license

noun
li·​cense | \ ˈlī-sᵊn(t)s How to pronounce license (audio) \
variants: or licence

Definition of license

 (Entry 1 of 2)

1a : permission to act
b : freedom of action
2a : a permission granted by competent authority to engage in a business or occupation or in an activity otherwise unlawful a hunting license
b : a document, plate, or tag evidencing a license granted
c : a grant by the holder of a copyright or patent to another of any of the rights embodied in the copyright or patent short of an assignment of all rights
3a : freedom that allows or is used with irresponsibility Freedom of the press should not be turned into license.
b : disregard for standards of personal conduct : licentiousness
4 : deviation from fact, form, or rule by an artist or writer for the sake of the effect gained poetic license

license

verb
variants: or less commonly licence
licensed also licenced; licensing also licencing

Definition of license (Entry 2 of 2)

transitive verb

1a : to issue a license to
b : to permit or authorize especially by formal license
2 : to give permission or consent to : allow

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Other Words from license

Noun

licensed \ ˈlī-​sᵊn(t)st How to pronounce licensed (audio) \ adjective

Verb

licensable \ ˈlī-​sᵊn(t)-​sə-​bəl How to pronounce licensable (audio) \ adjective
licensor \ ˈlī-​sᵊn(t)-​sər How to pronounce licensor (audio) , ˌli-​sᵊn-​ˈsȯr \ or less commonly licenser \ ˈlī-​sᵊn(t)-​sər How to pronounce licenser (audio) \ noun

Choose the Right Synonym for license

Noun

freedom, liberty, license mean the power or condition of acting without compulsion. freedom has a broad range of application from total absence of restraint to merely a sense of not being unduly hampered or frustrated. freedom of the press liberty suggests release from former restraint or compulsion. the released prisoner had difficulty adjusting to his new liberty license implies freedom specially granted or conceded and may connote an abuse of freedom. freedom without responsibility may degenerate into license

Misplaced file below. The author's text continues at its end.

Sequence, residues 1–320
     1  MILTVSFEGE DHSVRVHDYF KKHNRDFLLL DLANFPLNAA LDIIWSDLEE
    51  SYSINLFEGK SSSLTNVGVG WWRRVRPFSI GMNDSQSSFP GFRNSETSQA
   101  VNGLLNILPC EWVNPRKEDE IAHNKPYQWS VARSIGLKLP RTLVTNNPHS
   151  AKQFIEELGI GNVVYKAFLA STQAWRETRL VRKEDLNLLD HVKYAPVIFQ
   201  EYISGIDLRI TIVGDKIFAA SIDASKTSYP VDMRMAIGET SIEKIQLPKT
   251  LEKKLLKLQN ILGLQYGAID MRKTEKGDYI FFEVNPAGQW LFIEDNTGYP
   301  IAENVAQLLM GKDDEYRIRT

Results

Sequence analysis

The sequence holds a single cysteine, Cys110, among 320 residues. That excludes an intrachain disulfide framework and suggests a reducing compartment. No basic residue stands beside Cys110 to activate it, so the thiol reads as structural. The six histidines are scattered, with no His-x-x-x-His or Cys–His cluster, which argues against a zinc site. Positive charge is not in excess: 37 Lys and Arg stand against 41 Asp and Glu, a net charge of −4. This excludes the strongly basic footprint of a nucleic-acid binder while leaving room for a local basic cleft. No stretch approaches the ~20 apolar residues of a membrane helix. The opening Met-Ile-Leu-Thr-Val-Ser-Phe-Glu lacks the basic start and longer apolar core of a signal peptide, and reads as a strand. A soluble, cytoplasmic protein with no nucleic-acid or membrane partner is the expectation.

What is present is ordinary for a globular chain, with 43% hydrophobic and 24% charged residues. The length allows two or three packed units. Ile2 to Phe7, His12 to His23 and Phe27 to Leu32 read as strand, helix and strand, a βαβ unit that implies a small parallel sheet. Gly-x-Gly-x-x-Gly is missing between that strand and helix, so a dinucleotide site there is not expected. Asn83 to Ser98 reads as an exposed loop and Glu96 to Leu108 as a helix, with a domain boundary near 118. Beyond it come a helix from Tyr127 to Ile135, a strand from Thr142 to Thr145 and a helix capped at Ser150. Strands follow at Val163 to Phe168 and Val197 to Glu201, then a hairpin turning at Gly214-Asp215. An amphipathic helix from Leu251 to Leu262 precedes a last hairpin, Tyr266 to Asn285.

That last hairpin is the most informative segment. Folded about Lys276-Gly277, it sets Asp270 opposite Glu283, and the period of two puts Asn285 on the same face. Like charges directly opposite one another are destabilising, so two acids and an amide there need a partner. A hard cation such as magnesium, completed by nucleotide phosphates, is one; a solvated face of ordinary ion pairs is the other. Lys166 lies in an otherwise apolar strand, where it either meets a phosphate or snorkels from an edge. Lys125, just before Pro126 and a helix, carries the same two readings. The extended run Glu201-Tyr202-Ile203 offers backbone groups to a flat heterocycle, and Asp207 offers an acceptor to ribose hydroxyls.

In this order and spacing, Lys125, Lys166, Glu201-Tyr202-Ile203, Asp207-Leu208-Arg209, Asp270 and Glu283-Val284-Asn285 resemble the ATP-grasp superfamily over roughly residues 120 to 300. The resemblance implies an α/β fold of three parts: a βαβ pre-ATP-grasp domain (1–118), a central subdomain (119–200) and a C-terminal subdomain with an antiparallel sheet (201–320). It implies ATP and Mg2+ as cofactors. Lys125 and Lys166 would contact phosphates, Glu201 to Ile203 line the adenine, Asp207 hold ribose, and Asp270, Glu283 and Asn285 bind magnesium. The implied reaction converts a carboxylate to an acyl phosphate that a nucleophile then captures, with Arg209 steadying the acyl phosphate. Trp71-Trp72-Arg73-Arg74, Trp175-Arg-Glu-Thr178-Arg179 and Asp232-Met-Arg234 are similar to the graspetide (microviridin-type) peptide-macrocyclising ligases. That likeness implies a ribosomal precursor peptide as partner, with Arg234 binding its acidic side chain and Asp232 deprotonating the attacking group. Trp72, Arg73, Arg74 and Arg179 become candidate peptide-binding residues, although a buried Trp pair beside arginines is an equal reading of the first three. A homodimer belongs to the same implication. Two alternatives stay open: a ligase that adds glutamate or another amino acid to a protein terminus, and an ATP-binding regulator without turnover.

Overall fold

The Shared Roots of License and Licentious

License and licentious come ultimately from the same word in Latin, licentia, whose meanings ranged from "freedom to act" to "unruly behavior, wantonness." The Latin noun was itself derived from the verb licere "to be permitted." Though we are likely to associate license with the card that grants freedom or permission to operate a motor vehicle and licentious with sexual wantonness, in actuality, there is considerable semantic overlap between the two words. Poetic license refers to deviation from a (usually) literary norm for some purposeful effect. A person who takes license with something (or someone) engages in "abusive disregard for rules of personal conduct." Hence, the semantic range of license in English mirrors that of its Latin antecedent, suggesting either permission or transgression, depending upon the context. Licentious, on the other hand, always implies excessive, transgressive freedom, as is true of its immediate Latin source, licentiosus "unrestrained, wanton" (literally, "full of freedom").